What do the letters LGBTQI mean? Learn by watching queer TV
While being uneducated is no excuse for intentionally being a homophobe, we know that sometimes people are in situations where they have no resources for being a better LGBTQ+ ally. Whether you’re in a country where homosexuality is still criminalized, or live in a uber religious household, you want to do better by your LGBTQ+ friends. Or maybe you’re questioning yourself, and need help finding your label.
The extensive amount of LGBTQ+ content has made it super easy for those wanting to be educated to help find the right materials to learn. Of course, not every version of each sexuality and gender is correct, and some are more harmful than helpful (looking at you Big Mouth), but it’s a step in the right direction either way.
So if you’re looking to learn, TV is surprisingly one of the better places to learn. But we’re here to help point you in the right direction, so you can learn what good representation looks like across several sexual, gender, and romantic identities. Keep in mind, there are a lot of subcategories for each sexual, romantic, and gender identity as well, so this isn’t every single one.
Lesbian: Poussey Washington (Samira Wiley) on Orange is the New Black
So really, nearly any character on this show could go in this slot as the majority of the characters are lesbians. But we’re shining a light on our dear Poussey because Samira Wiley deserved better than getting killed off in an act of prisoner abuse. Plus, her relationship with Soso arguably was the healthiest one on the show until her untimely demise.
Gay: Alec Lightwood (Matthew Daddario) and Magnus Bane (Harry Shum Jr) on Shadowhunters
Bisexual: Rosa Diaz (Stephanie Beatriz) on Brooklyn Nine Nine
Badass before she came out, and badass after, Rosa shows that your sexuality doesn’t have to define who you are if you don’t want it too. The squad supports her, especially Holt, after she comes out, but nothing changes between all of them after.
She has a history with men and women, and continues to do so. Being bisexual doesn’t mean you have to be with one or the other all the time, and you don’t stop being bisexual if you marry one gender over the other.
Transgender: Angel Evangelista (Indya Moore) on Pose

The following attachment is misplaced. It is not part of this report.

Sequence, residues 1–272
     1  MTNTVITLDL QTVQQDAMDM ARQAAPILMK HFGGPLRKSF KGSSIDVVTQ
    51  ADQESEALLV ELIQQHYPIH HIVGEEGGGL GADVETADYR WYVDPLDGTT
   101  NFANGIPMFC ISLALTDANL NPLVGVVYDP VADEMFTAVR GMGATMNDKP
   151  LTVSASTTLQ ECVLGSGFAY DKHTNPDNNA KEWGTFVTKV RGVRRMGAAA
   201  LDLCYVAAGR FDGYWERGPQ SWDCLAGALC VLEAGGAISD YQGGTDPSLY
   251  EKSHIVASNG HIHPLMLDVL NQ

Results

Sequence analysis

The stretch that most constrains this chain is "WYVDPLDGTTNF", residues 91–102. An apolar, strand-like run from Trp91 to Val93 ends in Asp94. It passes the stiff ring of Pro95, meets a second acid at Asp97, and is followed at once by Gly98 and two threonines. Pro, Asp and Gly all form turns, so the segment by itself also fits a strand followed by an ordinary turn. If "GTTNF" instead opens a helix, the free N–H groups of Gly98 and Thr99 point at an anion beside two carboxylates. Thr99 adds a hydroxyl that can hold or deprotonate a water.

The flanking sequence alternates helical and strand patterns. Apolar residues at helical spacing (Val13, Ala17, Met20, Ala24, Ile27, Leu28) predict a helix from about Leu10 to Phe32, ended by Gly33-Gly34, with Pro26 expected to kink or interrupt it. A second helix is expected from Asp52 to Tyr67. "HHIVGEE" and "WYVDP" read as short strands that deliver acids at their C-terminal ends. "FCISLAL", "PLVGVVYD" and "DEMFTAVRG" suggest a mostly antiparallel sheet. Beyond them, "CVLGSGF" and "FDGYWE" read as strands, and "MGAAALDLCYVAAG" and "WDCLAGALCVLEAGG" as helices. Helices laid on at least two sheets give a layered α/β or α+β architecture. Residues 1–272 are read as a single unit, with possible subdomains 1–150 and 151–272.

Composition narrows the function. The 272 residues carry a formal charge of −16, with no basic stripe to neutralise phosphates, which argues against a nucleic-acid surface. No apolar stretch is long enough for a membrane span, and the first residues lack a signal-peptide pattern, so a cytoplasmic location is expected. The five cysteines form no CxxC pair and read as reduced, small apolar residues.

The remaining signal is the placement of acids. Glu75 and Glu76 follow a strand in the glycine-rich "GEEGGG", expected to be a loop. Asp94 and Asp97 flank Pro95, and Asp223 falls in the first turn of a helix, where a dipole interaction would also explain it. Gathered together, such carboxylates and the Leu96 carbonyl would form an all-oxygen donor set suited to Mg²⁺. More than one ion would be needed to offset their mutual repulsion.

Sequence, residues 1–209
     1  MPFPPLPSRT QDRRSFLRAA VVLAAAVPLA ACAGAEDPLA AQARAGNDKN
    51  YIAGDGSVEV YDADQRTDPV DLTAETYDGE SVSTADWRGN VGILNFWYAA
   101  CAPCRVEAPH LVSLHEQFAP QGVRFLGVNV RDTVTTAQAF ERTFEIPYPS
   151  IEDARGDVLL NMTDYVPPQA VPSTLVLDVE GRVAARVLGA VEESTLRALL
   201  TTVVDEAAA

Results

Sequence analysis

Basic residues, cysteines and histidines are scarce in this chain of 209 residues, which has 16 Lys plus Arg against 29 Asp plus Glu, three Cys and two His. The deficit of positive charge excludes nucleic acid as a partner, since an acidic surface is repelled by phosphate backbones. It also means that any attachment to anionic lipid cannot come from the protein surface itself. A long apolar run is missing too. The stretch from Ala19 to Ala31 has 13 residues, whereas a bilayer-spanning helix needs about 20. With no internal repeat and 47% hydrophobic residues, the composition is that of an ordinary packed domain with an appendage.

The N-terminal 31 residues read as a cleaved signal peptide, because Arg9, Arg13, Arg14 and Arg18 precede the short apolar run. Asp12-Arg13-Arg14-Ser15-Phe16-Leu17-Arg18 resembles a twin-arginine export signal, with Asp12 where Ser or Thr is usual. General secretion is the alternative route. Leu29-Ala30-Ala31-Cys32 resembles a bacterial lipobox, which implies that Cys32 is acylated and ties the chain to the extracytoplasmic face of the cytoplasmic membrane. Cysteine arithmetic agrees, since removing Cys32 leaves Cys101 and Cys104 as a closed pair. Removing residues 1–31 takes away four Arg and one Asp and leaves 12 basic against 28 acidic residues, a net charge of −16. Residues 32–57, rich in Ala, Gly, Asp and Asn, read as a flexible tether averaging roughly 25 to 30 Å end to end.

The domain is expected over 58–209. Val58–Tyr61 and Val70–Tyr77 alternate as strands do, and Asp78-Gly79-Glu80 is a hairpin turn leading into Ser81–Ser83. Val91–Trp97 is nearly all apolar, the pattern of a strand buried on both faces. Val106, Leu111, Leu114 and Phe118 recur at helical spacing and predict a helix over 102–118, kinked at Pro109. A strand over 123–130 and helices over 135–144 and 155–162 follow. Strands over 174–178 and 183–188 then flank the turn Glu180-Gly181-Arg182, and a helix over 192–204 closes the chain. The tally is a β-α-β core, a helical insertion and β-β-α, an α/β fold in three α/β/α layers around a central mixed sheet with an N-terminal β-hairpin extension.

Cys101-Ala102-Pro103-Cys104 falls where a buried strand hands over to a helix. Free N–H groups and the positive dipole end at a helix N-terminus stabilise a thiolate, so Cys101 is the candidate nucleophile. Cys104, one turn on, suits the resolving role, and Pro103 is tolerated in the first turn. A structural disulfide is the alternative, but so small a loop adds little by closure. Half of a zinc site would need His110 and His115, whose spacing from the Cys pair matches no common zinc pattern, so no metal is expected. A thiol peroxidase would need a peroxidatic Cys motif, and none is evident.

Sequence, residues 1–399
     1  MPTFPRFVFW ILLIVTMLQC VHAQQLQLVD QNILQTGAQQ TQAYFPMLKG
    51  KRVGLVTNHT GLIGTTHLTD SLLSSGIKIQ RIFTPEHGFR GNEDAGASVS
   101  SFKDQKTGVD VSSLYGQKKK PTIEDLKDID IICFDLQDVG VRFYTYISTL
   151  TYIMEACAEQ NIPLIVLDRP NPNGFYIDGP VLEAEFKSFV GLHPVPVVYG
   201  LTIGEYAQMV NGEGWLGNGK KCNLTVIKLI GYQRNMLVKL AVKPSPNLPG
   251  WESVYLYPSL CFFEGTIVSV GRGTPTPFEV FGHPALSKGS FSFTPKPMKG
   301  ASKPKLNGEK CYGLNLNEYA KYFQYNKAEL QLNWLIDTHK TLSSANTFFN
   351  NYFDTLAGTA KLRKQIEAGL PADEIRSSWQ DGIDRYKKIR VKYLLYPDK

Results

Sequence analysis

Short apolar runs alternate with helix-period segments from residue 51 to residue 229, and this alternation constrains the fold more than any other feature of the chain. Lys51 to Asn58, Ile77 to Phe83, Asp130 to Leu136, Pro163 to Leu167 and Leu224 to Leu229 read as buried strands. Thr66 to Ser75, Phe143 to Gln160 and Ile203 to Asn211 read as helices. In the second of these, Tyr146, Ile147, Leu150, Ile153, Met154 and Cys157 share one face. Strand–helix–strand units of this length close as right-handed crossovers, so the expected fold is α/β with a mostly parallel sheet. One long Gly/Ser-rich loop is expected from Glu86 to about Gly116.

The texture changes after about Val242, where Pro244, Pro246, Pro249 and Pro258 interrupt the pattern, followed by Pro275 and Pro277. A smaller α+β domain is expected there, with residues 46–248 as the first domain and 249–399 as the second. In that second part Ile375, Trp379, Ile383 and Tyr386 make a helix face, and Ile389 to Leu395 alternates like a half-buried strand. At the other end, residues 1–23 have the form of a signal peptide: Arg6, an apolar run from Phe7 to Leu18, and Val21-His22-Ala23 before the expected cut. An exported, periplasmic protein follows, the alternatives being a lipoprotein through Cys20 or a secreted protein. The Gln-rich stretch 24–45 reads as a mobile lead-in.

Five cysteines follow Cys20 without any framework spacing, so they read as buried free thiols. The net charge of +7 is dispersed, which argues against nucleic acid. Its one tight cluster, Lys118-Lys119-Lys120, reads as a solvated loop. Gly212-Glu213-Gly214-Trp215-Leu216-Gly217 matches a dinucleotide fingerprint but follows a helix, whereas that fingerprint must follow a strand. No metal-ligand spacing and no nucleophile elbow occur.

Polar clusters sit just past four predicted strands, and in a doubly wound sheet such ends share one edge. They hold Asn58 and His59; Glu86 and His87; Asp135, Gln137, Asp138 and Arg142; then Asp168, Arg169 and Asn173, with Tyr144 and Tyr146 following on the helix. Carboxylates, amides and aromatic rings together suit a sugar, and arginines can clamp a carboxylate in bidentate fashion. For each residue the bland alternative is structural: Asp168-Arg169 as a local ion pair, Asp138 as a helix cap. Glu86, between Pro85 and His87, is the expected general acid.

While being transgenered just means you don’t identify with your birth sex, there’s several other versions of gender identity that fit under this umbrella term. Angel is a trans woman, whose gender identity is strictly female. Best part, she’s actually played by a trans actress, Indya Moore!
Queer: Anyone on this list
Depending on who you talk to, Q can mean one of two things: queer, which is an umbrella term for anyone who identifies as LGBT, or questioning, which is someone who knows they’re not straight but doesn’t know exactly what they are. Queer is also often used by people who are not straight, but don’t want to choose an identity. Queer has been used as an insult in the past, but the community is reclaiming it as their own.
Intersex: Lauren Cooper (Bailey De Young) on Faking It
Intersex isn’t so much an identity as it is a third birth sex. If someone is intersex, it’s someone who was born outside of the gender binary based on their chromosomes, genitals, or other organs. So in Lauren’s case, she has male chromosomes yet her genitals identify her as female. Also worth noting that Faking It also featured Amanda Saenz as Raven, so it was the first TV show to feature an intersex person playing an intersex person.
Now below this point are some other sexualities that are sometimes included in the acronym but not always, or are commonly discussed without being in the acronym.
Pansexual: Captain Jack Harkness (John Barrowman) on Doctor Who and Torchwood
Thanks to a certain animated Netflix series, the incorrect definition of pansexual started going around on Twitter that implied that identifying as bisexual is transphobic. A pansexual is attracted to all genders (and species in Jack’s case), but that doesn’t mean bisexuals aren’t either.
As time progressed, pansexual just made more sense than bisexual, but don’t assume that because someone’s bisexual they wouldn’t date a trans person. Jack isn’t even openly pansexual, but it’s clear he is based on his choice in partners. And by choice, we mean everyone in existence. The man gets around, what can we say?
Asexual: Todd Chavez (Aaron Paul) on Bojack Horseman
Bojack has broken a lot of barriers over its time on Netflix, but the biggest barrier it broke was the stigma around asexuality. Todd has a crisis in season four when he realizes he has no interest in sex, and his friend Emily calls him asexual.
It takes time for him to get to know the term, but through her help, he becomes comfortable enough to come out. A big thing to note is being asexual, and why we separated romantic and sexual identity, is because asexuals can still have romantic feelings. Todd continues to date throughout the series after coming out, because he still has romantic feelings for his girlfriends.
Non-Binary: Syd (Sheridan Pierce) on One Day at a Time
You couldn’t have asked for a better representation of non-binary people than with Syd. Syd is a teenager who feels they don’t fit in with traditional gender, so they identify outside of it. Sometimes Syd looks more masculine, and sometimes they look more feminine.
But no matter how they dress or act, they’re always non-binary. Plus, it’s healthy to see how not only Elena stands up for them, but how Elena’s family consistently tries to make them feel welcome and respect their pronoun choice.